Klobuchar Unveils Antitrust Reform Bill; Walmart Buys Ad Tech From PaperG

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Antitrust Dust

Senator Amy Klobuchar introduced a sweeping new antitrust bill on Thursday that could spell trouble for Big Tech. CNBC reports that the proposed “Competition and Antitrust Law Enforcement Reform Act” would make sweeping changes to antitrust law, granting enforcement agencies more power to impose bigger fines and shifting the burden of proof for companies over mergers. Facebook, Google and others have come under increasing antitrust scrutiny from lawmakers on both sides of the aisle. Google is currently the subject of a major antitrust investigation by the DOJ, and Klobuchar said in November she believed breaking the company up should be an option available to regulators. Facebook, meanwhile, is also being investigated by the FTC and 46 attorneys general over its acquisitions. Klobuchar, who was recently appointed chair of the Senate Judiciary subcommittee on antitrust, last week singled out companies like Apple, Amazon, Google and Facebook, as a primary focus. “While we’ve seen this enormous change in our economy, we really are not as sophisticated as the companies that we should be regulating,” Klobuchar said. “We need to start by working to strengthen antitrust enforcement and making it more effective.”

Hot On Ad Tech 

Walmart is set to acquire technology from Thunder Industries, a company that uses automation to create digital ads, as it continues to invest in its ad business and seeks a greater slice of marketing budgets from small businesses. The Wall Street Journal reports that the retail giant is purchasing the technology and assets of PaperG Inc., which does business as Thunder Industries, and will bring over most of the company’s employees. It isn’t purchasing Thunder’s existing customer contracts, which will be wound down. Walmart instead will use Thunder’s technology to launch a self-service tool that helps advertisers make and buy numerous versions of display ads targeting different kinds of consumers on its properties. The new self-serve display ad tool will launch later this year, the company said. “As we continue to grow our media business, we need to find ways that we can easily serve all suppliers—be it companies who have been Walmart suppliers for years or brand new marketplace suppliers,” said Janey Whiteside, chief customer officer at Walmart. “The new display self-serve platform and the integration of Thunder’s technology does just that.”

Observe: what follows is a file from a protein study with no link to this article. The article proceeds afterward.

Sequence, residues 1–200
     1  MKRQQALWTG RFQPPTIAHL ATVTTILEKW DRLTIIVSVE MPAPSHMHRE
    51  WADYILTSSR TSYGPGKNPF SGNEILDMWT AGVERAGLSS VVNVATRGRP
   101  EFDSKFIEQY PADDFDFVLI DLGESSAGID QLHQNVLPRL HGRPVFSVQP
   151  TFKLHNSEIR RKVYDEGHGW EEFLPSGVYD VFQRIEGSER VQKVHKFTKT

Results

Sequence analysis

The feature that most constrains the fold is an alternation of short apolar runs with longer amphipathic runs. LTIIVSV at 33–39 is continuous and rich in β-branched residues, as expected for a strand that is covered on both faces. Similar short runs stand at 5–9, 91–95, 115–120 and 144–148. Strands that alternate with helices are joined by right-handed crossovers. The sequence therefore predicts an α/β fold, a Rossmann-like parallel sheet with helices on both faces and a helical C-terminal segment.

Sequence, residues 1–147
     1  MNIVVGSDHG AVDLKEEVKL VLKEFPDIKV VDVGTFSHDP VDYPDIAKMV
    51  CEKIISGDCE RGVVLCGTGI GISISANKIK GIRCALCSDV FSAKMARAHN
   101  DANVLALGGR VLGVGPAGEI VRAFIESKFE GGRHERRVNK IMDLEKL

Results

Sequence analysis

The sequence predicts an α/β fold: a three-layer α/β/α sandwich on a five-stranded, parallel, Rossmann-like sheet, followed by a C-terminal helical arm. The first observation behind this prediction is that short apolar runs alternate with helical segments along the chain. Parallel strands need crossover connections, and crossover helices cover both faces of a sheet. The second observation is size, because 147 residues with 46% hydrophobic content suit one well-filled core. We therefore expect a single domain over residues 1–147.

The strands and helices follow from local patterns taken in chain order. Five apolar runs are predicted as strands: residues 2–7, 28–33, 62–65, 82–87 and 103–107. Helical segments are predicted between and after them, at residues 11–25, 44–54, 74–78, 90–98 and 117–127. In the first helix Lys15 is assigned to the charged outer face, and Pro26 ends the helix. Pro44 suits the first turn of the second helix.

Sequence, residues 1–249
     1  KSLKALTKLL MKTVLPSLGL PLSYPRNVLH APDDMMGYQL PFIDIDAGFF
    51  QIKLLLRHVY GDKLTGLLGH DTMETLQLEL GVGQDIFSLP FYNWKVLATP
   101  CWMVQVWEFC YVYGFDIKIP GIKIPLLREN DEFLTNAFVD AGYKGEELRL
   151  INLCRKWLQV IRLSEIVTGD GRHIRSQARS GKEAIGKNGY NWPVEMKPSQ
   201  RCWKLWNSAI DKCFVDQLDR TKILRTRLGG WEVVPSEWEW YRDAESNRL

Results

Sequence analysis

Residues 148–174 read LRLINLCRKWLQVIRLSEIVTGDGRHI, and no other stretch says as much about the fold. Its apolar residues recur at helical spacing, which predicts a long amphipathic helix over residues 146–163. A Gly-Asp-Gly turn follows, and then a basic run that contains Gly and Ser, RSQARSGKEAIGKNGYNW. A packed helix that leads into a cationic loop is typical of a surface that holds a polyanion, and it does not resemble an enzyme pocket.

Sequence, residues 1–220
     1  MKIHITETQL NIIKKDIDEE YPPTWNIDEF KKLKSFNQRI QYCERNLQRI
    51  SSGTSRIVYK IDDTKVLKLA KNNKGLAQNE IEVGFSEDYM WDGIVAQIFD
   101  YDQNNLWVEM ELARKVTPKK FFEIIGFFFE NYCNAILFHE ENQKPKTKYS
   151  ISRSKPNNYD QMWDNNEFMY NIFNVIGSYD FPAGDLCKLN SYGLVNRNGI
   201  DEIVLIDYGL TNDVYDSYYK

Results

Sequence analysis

Critical Time For Criteo

Digital advertising company Criteo is preparing a major restructure that will affect around 10% of its roughly 2,600 employees, Business Insider reports. The company is trying to shift its business away from services that rely on third-party cookies, and there’s speculation that the publicly traded company could be a prime target for an acquisition.The Paris-based Criteo has sought to turn around its business to focus less on technologies that rely on cookies, as browsers have begun to clamp down on the tracking technologies adtech companies use to serve such ads and Google phases out third-party cookies in Chrome by 2022.

Ready Or … Not

Everyone knows they’ve gotta get ready for the end of third-party cookies before 2022 … but that doesn’t mean they’re actually doing it. In Q4 2020, IAB Europe asked 100 brands, agencies, publishers and ad tech companies whether finding alternatives to third-party cookies is a priority, to which 75% answered, “Heck yeah.” (Apparently 13% of respondents said it “wasn’t very important” … okay.) But it’s a different story when it comes to preparedness. Forty-percent say they don’t feel that their company is fully prepared for the coming changes. “The big challenge has been the complexity of the technology and making sense of the massive amounts of contradictory information out there,” said Alex Berger, senior marketing director for buy-side products at Adform, an IAB Europe member. On Tuesday, IAB Europe released an update to its third-party cookie guide to help companies prep as the clock ticks down. Read the release.

But Wait, There’s More!

TikTok is teaming up with the NFL for a Super Bowl LV pregame celebration [blog]

Comscore brings cookie-free CTV audience targeting to Europe with predictive audiences. [release]

Kantar bolsters ad measurement offerings with Google data integration as the industry grapples with a shift to user privacy and data protection. [Ad Age]

Media companies are falling short on following through with diversity, equity and inclusion pledges they made last summer. [Digiday]

YouTube expands its CTV and sports offerings as advertisers start spending again. [MediaPost]

WideOrbit selects Tru Optik Data Marketplace to power streaming audio and podcast audience targeting. [release]

Parler CEO John Matze says he was fired from the conservative platform over differences of opinion after it was booted by AWS. [The New York Times]

Ad tech company Hudson MX nets a $63.5M series D, led by Cannes Lions owner Ascential plc. [release]

CTV/OTT ad platform Fiksu hires Pixalate to weed out fraud. [release]

You’re Hired!

Tubular Labs hires market-research vet Scott Ernst as CEO. [Variety]

Incubeta hires Zoe Hall as managing director of adtech solutions and Lauren Stearley as director of programmatic. [PerformanceIN]

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